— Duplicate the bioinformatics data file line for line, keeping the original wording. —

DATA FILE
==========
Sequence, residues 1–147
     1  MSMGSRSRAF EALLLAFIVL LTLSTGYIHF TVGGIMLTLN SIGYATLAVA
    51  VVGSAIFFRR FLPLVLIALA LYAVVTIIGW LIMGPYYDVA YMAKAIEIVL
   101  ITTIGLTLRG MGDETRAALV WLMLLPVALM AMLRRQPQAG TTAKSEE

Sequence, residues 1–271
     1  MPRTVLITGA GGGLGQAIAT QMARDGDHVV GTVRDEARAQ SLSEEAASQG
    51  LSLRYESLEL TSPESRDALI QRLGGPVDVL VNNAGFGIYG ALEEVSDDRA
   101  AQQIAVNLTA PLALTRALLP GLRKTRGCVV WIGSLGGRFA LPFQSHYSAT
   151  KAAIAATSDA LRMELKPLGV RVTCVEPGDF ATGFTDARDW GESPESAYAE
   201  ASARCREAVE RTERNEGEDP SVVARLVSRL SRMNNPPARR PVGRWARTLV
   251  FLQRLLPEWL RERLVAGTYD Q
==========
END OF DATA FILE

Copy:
Sequence, residues 1–147
     1  MSMGSRSRAF EALLLAFIVL LTLSTGYIHF TVGGIMLTLN SIGYATLAVA
    51  VVGSAIFFRR FLPLVLIALA LYAVVTIIGW LIMGPYYDVA YMAKAIEIVL
   101  ITTIGLTLRG MGDETRAALV WLMLLPVALM AMLRRQPQAG TTAKSEE

Sequence, residues 1–271
     1  MPRTVLITGA GGGLGQAIAT QMARDGDHVV GTVRDEARAQ SLSEEAASQG
    51  LSLRYESLEL TSPESRDALI QRLGGPVDVL VNNAGFGIYG ALEEVSDDRA
   101  AQQIAVNLTA PLALTRALLP GLRKTRGCVV WIGSLGGRFA LPFQSHYSAT
   151  KAAIAATSDA LRMELKPLGV RVTCVEPGDF ATGFTDARDW GESPESAYAE
   201  ASARCREAVE RTERNEGEDP SVVARLVSRL SRMNNPPARR PVGRWARTLV
   251  FLQRLLPEWL RERLVAGTYD Q